During a meeting which was held in Tehran on Sunday, the two officials also exchanged views on Afghanistan’s political and security situation and intra-Afghan peace talks, IRNA reported.
Araqchi referred to close ties between Iran and Afghanistan and reaffirmed Iran's support for Afghan peace process involving all Afghan political parties and stressed the need for protecting the achievements of the Afghan people over the past two decades, especially the country’s Constitution and its democratic structures.
Pointing to the problems caused by the US wrong and unilateral policies on Afghanistan peace process and the United Nations’ facilitating role in this regard in the past, the Iranian official stressed the importance of the role of the United Nations Assistance Mission in Afghanistan (UNAMA) in advancing inter-Afghan peace talks.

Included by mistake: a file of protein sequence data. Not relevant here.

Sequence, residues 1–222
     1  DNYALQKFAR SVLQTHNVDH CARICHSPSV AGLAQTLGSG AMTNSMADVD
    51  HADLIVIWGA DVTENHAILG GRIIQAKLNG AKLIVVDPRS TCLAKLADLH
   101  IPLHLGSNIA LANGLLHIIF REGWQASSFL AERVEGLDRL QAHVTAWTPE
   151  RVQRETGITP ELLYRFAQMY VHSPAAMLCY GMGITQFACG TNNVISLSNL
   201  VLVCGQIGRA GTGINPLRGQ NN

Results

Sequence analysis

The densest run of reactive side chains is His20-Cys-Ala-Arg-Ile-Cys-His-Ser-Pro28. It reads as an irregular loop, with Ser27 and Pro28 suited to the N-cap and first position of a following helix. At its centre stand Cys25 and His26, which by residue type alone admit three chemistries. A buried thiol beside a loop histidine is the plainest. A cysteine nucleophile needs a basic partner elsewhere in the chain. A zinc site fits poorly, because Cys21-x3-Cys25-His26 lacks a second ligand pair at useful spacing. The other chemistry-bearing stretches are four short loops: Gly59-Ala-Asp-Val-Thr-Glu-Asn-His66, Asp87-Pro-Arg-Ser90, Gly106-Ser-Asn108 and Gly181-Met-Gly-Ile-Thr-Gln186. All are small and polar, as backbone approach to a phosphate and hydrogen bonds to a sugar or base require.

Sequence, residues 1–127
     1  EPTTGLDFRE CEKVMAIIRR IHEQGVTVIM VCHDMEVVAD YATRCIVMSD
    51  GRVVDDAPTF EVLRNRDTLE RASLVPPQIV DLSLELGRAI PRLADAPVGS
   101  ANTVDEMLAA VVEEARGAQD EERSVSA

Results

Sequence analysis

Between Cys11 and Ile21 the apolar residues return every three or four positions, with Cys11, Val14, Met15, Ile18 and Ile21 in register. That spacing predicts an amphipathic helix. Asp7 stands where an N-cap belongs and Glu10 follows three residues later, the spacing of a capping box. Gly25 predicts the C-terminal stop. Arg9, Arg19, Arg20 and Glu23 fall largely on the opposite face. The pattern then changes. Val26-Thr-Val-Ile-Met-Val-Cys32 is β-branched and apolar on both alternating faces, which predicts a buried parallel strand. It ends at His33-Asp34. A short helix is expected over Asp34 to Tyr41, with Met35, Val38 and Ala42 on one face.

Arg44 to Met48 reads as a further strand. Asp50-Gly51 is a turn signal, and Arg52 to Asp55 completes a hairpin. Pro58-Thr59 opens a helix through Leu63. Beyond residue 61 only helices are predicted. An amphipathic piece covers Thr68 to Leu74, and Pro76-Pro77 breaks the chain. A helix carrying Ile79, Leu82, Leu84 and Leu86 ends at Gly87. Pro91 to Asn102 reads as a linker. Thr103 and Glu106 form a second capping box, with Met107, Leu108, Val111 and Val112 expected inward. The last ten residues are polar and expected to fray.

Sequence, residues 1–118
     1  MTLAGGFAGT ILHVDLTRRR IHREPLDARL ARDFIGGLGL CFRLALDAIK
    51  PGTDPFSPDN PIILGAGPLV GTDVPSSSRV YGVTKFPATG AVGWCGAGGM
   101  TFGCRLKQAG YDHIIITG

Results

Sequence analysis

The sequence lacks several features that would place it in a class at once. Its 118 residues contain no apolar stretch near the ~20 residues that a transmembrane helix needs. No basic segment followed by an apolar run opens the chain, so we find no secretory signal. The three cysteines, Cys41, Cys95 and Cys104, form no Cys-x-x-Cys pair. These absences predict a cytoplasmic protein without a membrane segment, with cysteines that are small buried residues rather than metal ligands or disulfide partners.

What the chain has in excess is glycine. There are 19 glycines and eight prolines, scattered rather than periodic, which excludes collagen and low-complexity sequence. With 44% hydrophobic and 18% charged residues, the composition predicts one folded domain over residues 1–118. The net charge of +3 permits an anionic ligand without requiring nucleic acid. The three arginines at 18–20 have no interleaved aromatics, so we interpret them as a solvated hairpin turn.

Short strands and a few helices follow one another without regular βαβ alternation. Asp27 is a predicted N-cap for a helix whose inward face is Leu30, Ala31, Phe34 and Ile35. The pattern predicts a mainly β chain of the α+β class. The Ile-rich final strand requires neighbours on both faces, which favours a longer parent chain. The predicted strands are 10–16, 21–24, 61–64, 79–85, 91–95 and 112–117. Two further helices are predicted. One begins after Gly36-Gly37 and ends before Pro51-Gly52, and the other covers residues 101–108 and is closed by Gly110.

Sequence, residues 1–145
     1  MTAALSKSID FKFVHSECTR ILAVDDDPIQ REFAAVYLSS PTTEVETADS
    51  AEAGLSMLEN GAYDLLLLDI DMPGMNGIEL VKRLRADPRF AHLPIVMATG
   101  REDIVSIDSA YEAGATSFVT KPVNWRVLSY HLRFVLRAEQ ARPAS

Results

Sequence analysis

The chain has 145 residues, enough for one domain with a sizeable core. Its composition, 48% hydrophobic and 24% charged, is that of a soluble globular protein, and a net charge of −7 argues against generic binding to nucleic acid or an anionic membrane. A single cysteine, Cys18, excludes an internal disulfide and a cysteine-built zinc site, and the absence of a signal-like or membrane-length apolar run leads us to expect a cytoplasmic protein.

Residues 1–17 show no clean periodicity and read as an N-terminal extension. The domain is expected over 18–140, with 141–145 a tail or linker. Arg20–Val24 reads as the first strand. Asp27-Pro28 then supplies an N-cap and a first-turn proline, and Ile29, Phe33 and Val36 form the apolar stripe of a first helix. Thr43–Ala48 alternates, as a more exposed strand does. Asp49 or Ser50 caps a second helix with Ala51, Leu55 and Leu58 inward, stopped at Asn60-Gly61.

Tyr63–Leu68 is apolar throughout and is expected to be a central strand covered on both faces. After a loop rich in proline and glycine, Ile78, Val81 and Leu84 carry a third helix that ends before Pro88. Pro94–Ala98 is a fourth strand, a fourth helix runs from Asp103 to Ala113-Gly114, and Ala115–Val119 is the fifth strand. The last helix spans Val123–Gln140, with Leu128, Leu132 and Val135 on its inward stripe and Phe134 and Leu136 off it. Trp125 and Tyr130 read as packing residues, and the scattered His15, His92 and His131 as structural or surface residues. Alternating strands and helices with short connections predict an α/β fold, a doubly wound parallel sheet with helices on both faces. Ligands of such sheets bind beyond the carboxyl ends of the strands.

Araqchi also voiced Iran’s readiness to cooperate with the UNAMA in advancing the intra-Afghan negotiations.
Lyons, who is also head of UNAMA, hailed Iran's positive role in supporting Afghan people and government, voicing the UN readiness for helping establish peace in Afghanistan.
Lyons pointed to the importance of implementing economic plans for the development of Afghanistan's infrastructure and helping to improve the living conditions of the Afghan people, stressing the need to use existing capacities to develop such cooperation in this regard.
Both diplomats also voiced concern about the rising number of violence-related fatalities and called for the reduction of violence to prepare the ground for the advancement of intra-Afghan talks.
On November 2, at least 35 people were killed after Daesh terrorists stormed Kabul University as it was hosting a book fair, taking hostages and fighting gun battles with security forces for more than five hours.
Violence has been relentless in Afghanistan, even as the Taliban and a government-appointed negotiating team discuss the peace agreement to end more than four decades of war in the country. Progress in the talks in Doha has been painfully slow and despite repeated demands for a reduction in violence, it has continued unabated.